three factors, are shown in the following table:

(a,b,c) =
term number in
factors 1-3       partial product
-----------------------------------
(1,1,1)         xxx = x^3
(1,1,2)         xxy = x^2y
(1,2,1)         xyx = x^2y
(1,2,2)         xyy = xy^2
(2,1,1)         yxx = x^2y
(2,1,2)         yxy = xy^2
(2,2,1)         yyx = xy^2
(2,2,2)         yyy = y^3
----------------------------
= x^3 + 3x^2y + 3xy^2 + y^3

The coefficient of the x^3 term is 1, corresponding to the single
possible arrangement of the letters xxx; the coefficient of the x^2y
term is 3, corresponding to the three possible arrangements of the
letters xxy; the coefficient of the xy^2 term is 3, corresponding to
the three possible arrangements of the letters xyy; and the
coefficient of the y^3 term is 1, corresponding to the single possible
arrangement of the letters yyy.

Let's look at one more example, (x+y)^4, again, using the idea of the
sum of all the possible partial products. In each of the four factors,
there are two choices for the term to pick; this gives 2^4 = 16
partial products. The partial products, and the choices for the terms
in each of the four factors, are shown in the following table:

(a,b,c,d) =
term number in
factors 1-4       partial product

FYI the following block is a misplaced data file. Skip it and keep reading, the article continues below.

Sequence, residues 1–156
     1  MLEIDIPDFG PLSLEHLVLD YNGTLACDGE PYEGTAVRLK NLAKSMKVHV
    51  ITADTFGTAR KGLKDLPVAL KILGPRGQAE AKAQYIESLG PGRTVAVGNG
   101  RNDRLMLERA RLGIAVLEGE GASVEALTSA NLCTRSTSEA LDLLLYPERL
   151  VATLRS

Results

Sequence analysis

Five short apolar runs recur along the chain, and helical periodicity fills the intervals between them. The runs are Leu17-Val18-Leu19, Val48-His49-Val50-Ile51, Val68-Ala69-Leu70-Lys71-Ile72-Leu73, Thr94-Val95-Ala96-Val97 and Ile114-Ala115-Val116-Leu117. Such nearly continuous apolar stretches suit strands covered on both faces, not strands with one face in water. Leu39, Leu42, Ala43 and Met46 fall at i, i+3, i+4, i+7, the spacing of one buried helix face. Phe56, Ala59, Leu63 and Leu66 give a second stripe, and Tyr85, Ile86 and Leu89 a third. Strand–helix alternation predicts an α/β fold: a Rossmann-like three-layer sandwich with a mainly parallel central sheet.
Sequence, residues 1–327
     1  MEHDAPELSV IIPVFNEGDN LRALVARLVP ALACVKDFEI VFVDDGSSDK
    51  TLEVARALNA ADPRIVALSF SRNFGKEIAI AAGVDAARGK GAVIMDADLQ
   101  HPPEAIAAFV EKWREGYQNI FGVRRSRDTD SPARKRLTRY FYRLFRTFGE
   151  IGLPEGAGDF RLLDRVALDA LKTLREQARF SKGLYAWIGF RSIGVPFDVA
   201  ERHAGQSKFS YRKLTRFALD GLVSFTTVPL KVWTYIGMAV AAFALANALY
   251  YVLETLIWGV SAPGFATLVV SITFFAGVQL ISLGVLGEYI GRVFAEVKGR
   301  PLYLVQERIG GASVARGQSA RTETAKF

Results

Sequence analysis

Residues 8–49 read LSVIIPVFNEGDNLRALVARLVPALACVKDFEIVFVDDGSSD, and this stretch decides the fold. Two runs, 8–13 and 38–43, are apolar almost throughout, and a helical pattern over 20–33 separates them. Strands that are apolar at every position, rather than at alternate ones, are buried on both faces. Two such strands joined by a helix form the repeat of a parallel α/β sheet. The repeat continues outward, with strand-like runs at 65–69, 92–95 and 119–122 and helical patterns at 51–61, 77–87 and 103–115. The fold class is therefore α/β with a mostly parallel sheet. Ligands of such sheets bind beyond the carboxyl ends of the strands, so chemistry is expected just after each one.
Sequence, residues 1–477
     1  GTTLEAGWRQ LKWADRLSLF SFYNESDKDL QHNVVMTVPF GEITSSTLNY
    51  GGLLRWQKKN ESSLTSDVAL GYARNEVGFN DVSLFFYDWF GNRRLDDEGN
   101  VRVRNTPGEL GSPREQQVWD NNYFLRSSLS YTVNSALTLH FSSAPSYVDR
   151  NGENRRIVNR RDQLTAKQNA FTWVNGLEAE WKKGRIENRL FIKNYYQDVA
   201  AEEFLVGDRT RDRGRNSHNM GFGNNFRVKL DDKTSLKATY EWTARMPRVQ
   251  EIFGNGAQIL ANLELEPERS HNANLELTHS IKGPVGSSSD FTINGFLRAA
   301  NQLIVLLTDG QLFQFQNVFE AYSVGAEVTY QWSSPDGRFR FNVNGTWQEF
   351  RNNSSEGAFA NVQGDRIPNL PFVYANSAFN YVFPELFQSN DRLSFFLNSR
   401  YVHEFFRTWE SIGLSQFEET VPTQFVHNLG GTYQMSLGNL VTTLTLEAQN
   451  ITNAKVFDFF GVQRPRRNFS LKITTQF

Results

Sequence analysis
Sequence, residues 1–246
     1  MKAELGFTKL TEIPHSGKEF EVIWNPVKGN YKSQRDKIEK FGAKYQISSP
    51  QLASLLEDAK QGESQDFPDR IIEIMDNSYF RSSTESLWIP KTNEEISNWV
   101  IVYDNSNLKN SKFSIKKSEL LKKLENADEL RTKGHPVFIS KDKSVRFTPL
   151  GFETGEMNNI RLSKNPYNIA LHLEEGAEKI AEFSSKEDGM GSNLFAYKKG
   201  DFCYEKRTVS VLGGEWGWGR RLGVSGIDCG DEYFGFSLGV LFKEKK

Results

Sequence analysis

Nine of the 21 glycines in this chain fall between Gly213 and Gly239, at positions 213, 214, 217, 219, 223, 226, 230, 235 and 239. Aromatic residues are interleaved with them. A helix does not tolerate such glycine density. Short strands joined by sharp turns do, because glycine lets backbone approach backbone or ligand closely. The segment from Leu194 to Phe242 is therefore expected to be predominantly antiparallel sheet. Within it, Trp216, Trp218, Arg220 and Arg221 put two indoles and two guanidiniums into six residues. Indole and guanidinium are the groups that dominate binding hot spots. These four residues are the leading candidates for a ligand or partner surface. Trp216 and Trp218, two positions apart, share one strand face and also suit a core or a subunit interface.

-----------------------------------
(1,1,1,1)         xxxx = x^4
(1,1,1,2)         xxxy = x^3y
(1,1,2,1)         xxyx = x^3y
(1,1,2,2)         xxyy = x^2y^2
(1,2,1,1)         xyxx = x^3y
(1,2,1,2)         xyxy = x^2y^2
(1,2,2,1)         xyyx = x^2y^2
(1,2,2,2)         xyyy = xy^3
(2,1,1,1)         yxxx = x^3y
(2,1,1,2)         yxxy = x^2y^2
(2,1,2,1)         yxyx = x^2y^2
(2,1,2,2)         yxyy = xy^3
(2,2,1,1)         yyxx = x^2y^2
(2,2,1,2)         yyxy = xy^3
(2,2,2,1)         yyyx = xy^3
(2,2,2,2)         yyyy = y^4
--------------------------------------
= x^4 + 4x^3y + 6x^2y^2 + 4xy^3 + y^4

The coefficient of the x^4 term is 1, corresponding to the single
possible arrangement of the letters xxxx; the coefficient of the x^3y
term is 4, corresponding to the four possible arrangements of the
letters xxxy; the coefficient of the x^2y^2 term is 6, corresponding
to the six possible arrangements of the letters xxyy; the coefficient
of the xy^3 term is 4, corresponding to the four possible arrangements
of the letters xyyy; and the coefficient of the y^4 term is 1,
corresponding to the single possible arrangement of the letters yyyy.

These examples demonstrate that the coefficient of the x^ny^(m-n) term
in the expansion of (x+y)^m is equal to the number of distinct
arrangements of (n) x's and (m-n) y's; and we know this number is
C(m,n). This completes the demonstration of the equivalence of the
binomial coefficients and the entries in Pascal's triangle.

**********

Here is a little bonus that comes from the preceding examination of
the expansion of (x+y)^n as the sum of all the possible partial
products....

You may be familiar with the fact (as evidenced in Pascal's triangle)
that

C(n,0) + C(n,1) + C(n,2) + ... + C(n,n-1) + C(n,n) = 2^n

This fact is nicely shown in the preceding discussion, because, in the
expansion of (x+y)^n, the C(n,i) are the coefficients of the different
terms, while the sum of all these coefficients is the total number of
partial products, which we know is 2^n.

Write back if you have any further questions on this.

- Doctor Greenie, The Math Forum
http://mathforum.org/dr.math/
```
Associated Topics:
High School Permutations and Combinations
High School Polynomials